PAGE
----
The University at Buffalo ushered in a new era in medical education Tuesday by introducing to the public its hallmark $375 million new medical school building on the Buffalo Niagara Medical Campus.
UB officials touted the state-of-the-art Jacobs School of Medicine and Biomedical Sciences as a way to deliver world-class medical education, research and patient care – teaching a new generation of physicians in a facility that rivals other medical schools across the country.
"We're celebrating the grand opening of much more than a new building today," said Dr. Michael E. Cain, the medical school dean. "This is the start of a new era for UB, for our medical school and for this entire region."
An estimated crowd of 1,000 people gathered in the glass atrium for the formal grand opening, including doctors, administrators from other hospitals, government leaders and students.
Teaching, research and clinical work will get under way Jan. 8, when the new semester begins. The medical school will enroll 180 students, its largest-ever class and a 25 percent increase compared with the previous academic year.
"We are more excited than ever that this day has finally arrived," said Laura Reed, a second-year medical student from Horseheads. "I remember hearing about the new building going up, but I don't think the reality of it ever really registered with me. And to be honest, it still really hasn't."
In all, 2,000 faculty, staff and students will be at the building daily. The university also has recruited 100 physicians, scientists and medical specialists to pioneer new treatments.
"With this move complete, Buffalo is now home to a comprehensive academic health center, an academic and health care powerhouse on par with those in Cleveland and Pittsburgh," Cain said.
He called the opening a "truly seminal moment" for the Jacobs School, the university and region.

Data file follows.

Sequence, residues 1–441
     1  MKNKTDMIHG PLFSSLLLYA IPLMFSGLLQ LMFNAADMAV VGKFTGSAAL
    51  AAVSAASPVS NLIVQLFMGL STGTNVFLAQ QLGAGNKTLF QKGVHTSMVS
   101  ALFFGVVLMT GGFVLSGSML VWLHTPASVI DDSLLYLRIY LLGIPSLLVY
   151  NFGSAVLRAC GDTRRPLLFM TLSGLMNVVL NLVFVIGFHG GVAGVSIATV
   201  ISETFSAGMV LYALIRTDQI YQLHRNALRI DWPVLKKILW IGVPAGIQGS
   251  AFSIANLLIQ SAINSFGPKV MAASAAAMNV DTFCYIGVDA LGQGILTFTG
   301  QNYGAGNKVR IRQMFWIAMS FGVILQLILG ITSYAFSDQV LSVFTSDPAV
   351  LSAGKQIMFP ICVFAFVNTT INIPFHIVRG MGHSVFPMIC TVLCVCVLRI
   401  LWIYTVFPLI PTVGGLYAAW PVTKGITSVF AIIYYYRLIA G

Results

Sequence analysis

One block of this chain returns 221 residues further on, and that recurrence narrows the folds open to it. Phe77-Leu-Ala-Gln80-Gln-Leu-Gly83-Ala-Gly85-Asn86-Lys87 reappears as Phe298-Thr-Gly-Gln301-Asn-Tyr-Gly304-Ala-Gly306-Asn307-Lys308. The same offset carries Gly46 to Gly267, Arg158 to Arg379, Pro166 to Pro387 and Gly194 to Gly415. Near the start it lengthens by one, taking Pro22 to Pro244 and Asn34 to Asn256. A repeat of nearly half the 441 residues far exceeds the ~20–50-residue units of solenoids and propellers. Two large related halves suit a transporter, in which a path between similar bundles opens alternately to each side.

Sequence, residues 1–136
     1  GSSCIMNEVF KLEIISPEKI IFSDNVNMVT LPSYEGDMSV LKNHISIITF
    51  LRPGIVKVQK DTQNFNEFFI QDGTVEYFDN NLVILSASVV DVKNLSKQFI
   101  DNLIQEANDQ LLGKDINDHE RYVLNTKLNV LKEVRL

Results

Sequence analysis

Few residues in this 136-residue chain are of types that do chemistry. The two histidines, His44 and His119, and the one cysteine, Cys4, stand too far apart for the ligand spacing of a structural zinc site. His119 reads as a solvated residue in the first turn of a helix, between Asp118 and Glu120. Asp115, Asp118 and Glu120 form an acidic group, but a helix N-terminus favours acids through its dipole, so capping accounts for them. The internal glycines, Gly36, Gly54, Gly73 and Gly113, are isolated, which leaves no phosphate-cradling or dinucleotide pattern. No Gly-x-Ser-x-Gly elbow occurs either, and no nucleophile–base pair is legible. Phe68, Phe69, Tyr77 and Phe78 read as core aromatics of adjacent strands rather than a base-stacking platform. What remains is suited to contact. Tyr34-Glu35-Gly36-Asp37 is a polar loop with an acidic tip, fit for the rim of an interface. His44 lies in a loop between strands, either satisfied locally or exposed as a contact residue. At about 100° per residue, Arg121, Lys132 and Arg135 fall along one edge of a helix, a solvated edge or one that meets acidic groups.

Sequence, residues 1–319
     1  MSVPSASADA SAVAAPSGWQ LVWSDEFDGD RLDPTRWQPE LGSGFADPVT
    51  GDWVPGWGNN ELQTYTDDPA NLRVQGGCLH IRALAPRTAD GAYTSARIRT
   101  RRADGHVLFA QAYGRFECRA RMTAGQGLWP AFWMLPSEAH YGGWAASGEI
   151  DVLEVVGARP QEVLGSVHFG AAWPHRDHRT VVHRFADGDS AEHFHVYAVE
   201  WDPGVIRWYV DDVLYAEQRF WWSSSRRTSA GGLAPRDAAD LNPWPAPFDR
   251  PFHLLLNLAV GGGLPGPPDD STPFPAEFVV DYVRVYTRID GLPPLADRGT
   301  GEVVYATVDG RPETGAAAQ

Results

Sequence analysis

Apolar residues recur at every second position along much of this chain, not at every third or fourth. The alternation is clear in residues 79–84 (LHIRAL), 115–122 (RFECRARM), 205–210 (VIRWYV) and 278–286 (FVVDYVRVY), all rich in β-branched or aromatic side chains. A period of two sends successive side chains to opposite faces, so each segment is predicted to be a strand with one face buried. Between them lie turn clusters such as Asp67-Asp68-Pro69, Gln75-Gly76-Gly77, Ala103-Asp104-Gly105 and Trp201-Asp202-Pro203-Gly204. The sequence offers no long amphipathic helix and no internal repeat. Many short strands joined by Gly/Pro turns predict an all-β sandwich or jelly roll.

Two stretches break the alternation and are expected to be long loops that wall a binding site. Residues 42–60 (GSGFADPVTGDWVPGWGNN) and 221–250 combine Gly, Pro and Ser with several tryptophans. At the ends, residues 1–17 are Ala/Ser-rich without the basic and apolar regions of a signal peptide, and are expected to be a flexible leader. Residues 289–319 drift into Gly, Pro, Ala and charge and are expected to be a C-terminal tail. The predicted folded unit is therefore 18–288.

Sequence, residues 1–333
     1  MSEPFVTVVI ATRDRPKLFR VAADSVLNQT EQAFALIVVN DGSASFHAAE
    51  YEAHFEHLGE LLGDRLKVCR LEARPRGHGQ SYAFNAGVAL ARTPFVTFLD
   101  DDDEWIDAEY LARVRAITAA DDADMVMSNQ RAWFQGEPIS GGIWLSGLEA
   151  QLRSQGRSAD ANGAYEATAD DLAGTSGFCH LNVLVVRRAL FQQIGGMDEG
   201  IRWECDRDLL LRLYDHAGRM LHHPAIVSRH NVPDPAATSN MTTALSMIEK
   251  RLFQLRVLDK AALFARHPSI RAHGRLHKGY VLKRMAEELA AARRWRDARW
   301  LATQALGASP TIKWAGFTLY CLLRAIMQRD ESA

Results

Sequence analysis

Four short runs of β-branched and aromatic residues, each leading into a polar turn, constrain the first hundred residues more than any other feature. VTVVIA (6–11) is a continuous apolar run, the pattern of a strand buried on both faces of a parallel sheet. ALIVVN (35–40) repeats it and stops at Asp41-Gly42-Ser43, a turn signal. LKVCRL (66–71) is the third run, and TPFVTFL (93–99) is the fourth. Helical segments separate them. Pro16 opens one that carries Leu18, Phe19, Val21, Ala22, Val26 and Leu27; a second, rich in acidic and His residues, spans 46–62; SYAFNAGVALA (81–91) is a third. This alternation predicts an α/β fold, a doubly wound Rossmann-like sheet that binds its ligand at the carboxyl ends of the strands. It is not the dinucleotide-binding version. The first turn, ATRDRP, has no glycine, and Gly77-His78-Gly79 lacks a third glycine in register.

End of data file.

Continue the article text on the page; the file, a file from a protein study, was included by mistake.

"Our achievement positions the school at the forefront of academic medicine, research and clinical care. And it secures our legacy as one of our country's oldest, most well-established schools of medicine and biomedical sciences."
Highly-sophisticated simulation centers, robotics and surgical suites and more team-based collaborative learning will be the norm in the new building at 955 Main St., a major gateway to the campus.
"This is an exciting day for UB, for Western New York and certainly my family," said Jeremy M. Jacobs, chairman of Delaware North and the UB Council. "This medical school is the most impressive and state-of-the-art building of its kind in the country and perhaps the world. It will be an extraordinary hub for instruction and life-saving research. It will also be the point of activity for the entire downtown medical corridor."
It also becomes Buffalo's first building to integrate a Metro Rail station. The new building is equivalent in size to 14.6 acres or about 11 football fields. At its center is a seven-story, 650 ribbon-glass paneled atrium.
"The world-class design was a sight to behold," said UB President Satish K. Tripathi. "But to gaze upon the magnificent finished product is to fully appreciate it for the breathtaking building it is."
Tripathi and others lauded the building not only for its aesthetic appeal, but what will go on within its walls. He described it as a 21st century medical school where physicians, clinical researchers and medical educators share knowledge, test cutting-edge ideas and make life-saving discoveries.
"While this beautiful building has redefined Buffalo’s skyline, it is the people teaching, training and conducting research inside who will redefine the future of medicine for our region and beyond," Tripathi said.
"I am so excited about this building," said Lt. Gov. Kathy Hochul, standing in for the governor. "I really believe that this is going to be a catalyst for change because this puts Buffalo on the map."
The state committed $56 million-plus in state resources for the new building.
As students consider medical school options, they now have a chance in see this one at the core of Buffalo's renaissance, Hochul said.
"They see a community that is on fire. We could not have sold this five years ago," she said. "This area has been transformed. Today marks a new beginning."
Before relocating to the South Campus, the medical school was based on High Street from 1893 to 1953.
The downtown medical school presence solidifies Buffalo as a leader in medical education and research, said Mayor Byron Brown. "It provides another reason for physicians from around the country and around the world to establish practices in Buffalo," he said.